Marilyn needed a website makeover. She talked to a website consultant, Rachel, who asked her The Question: “What is your budget?”
Now stop for a minute and ask yourself. How do you feel when someone asks you this question?
“I got flustered,” Marilyn said, “because I had no idea what was involved or what the project was worth.”
Marilyn needs to do some research. Rachel, the developer, doesn’t want to invest time if Marilyn isn’t prepared to spend at the level where she works.
Marilyn says, “I was tempted to throw out a very low number. But then Rachel would be insulted.”
Insulted? Unlikely! I get low-ball numbers all the time. I explain what I can do for that number. For example, we can have a few coaching calls instead of full-service copywriting.
Alternatively, we can work together to create a smaller-scale solution in the short term. And sometimes clients decide to raise their budget when they realize what they will be getting.
Business owners benefit when they’re ready to talk about budgets.
I have found that people who will give me a number – any number – tend to be serious about moving ahead, whether or not we work together and regardless of the project size. I have also found that people who are comfortable with numbers are more businesslike and professional.
When you need a website makeover, you can spend $500 …$5000 … or even $15000 … even more if you’re an entertainer or public figure. The key is, how will you get the most bang for the buck? I’ve seen professionals spend $8000 on a website that they could have gotten for $800.
So what are the takeaways?
Be aware that anyone who sells business services will need to find a way to qualify their prospects early. They have opportunity cost to consider as they decide how to spend their time.
When you’re the buyer, always be ready with a budget number. Do your research before you talk to consultants or copywriters and get a sense of the going rate.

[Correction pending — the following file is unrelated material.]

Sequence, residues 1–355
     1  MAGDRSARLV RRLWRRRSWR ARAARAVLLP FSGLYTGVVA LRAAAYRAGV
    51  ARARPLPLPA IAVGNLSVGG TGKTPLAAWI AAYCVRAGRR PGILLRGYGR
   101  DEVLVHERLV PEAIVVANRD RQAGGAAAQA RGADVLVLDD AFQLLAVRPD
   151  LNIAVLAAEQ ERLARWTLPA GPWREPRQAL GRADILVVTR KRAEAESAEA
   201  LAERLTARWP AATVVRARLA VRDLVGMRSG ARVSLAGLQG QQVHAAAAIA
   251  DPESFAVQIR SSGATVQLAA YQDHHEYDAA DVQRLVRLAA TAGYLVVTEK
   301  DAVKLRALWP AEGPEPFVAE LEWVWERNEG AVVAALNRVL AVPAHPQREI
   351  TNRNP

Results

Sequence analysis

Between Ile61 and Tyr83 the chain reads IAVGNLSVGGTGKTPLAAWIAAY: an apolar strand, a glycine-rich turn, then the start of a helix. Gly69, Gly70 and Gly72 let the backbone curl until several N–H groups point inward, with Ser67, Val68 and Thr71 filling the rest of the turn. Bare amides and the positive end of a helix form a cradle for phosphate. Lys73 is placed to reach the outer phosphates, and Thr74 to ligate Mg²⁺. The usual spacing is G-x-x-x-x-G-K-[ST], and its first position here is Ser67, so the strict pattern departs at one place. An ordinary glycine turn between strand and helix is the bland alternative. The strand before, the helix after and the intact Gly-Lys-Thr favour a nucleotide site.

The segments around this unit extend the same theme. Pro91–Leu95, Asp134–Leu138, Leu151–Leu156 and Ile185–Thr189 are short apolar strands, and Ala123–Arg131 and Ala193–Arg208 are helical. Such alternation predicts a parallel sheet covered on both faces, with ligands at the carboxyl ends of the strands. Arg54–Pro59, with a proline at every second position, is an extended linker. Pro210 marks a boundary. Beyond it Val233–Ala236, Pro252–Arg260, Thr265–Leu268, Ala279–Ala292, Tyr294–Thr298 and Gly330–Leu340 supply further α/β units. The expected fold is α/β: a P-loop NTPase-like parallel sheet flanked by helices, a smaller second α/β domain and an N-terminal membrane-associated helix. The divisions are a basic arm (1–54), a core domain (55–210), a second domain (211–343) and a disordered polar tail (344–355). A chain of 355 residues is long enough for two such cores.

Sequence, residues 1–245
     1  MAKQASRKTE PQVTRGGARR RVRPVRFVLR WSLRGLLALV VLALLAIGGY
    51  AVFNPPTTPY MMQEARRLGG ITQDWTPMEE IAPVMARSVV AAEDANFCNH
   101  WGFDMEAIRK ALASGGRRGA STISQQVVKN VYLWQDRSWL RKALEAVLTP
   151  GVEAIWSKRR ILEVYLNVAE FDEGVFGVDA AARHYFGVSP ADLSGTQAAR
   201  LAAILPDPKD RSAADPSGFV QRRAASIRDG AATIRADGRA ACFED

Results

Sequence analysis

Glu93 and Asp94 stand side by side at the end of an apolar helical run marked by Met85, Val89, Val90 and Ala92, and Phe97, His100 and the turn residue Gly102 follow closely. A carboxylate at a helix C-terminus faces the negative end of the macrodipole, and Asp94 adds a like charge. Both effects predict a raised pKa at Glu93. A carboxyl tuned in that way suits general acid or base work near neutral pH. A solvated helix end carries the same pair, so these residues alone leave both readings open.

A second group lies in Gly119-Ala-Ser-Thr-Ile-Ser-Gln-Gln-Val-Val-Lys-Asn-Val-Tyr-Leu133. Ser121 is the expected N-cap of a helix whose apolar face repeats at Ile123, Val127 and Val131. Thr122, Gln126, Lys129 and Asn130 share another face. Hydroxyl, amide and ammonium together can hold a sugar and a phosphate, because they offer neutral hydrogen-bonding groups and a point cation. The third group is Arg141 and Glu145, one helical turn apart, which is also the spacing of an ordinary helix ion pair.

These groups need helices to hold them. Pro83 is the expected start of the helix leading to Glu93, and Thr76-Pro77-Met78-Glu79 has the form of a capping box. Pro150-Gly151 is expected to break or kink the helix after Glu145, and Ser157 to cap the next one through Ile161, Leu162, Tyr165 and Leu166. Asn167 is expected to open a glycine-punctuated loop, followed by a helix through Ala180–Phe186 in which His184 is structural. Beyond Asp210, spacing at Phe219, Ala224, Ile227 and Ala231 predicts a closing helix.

Be aware of trade-offs. When you spend less, your solution will be less customized. You may be contributing a considerable amount of DIY effort.
You can accomplish your goals with almost any budget when you get creative. For instance, when you can’t pay top dollar for copywriting, pay for a consultation with an experienced copywriter to review your copy instead of choosing bargain-basement writers from Craigslist. (Of course you could get lucky with Craigslist or Fiverr… it’s just not likely.)
It’s rarely a good idea to stretch beyond your comfort zone to pay for a deluxe service with a lot of bells and whistles. Many service businesses earn substantial incomes with websites that seem almost too simple.
Finally, be sure you are comparing apples with apples. You can get a customized blog post for investments ranging from $5 to $500. But how long will the post be? Will the writer also do some research? Do you get revisions? What’s the style of writing? Can you get a discount when you offer a contract for 4 posts a month for 4 months? At $5 a post, what’s the likelihood your writer is just helping herself to the bountiful offerings of the web…and you’ll get nailed for plagiarism?
If you’re getting a one-time consultation, will your call also include pre-call preparation and post-call follow-up? Can you send material ahead of time for review? Will the consultation be recorded and you’ll get the mp3 file right away?
You probably have ideas of your own! Please comment below. And if you liked this article, you’ll love this free Report: Building A Website Doesn’t Have To Suck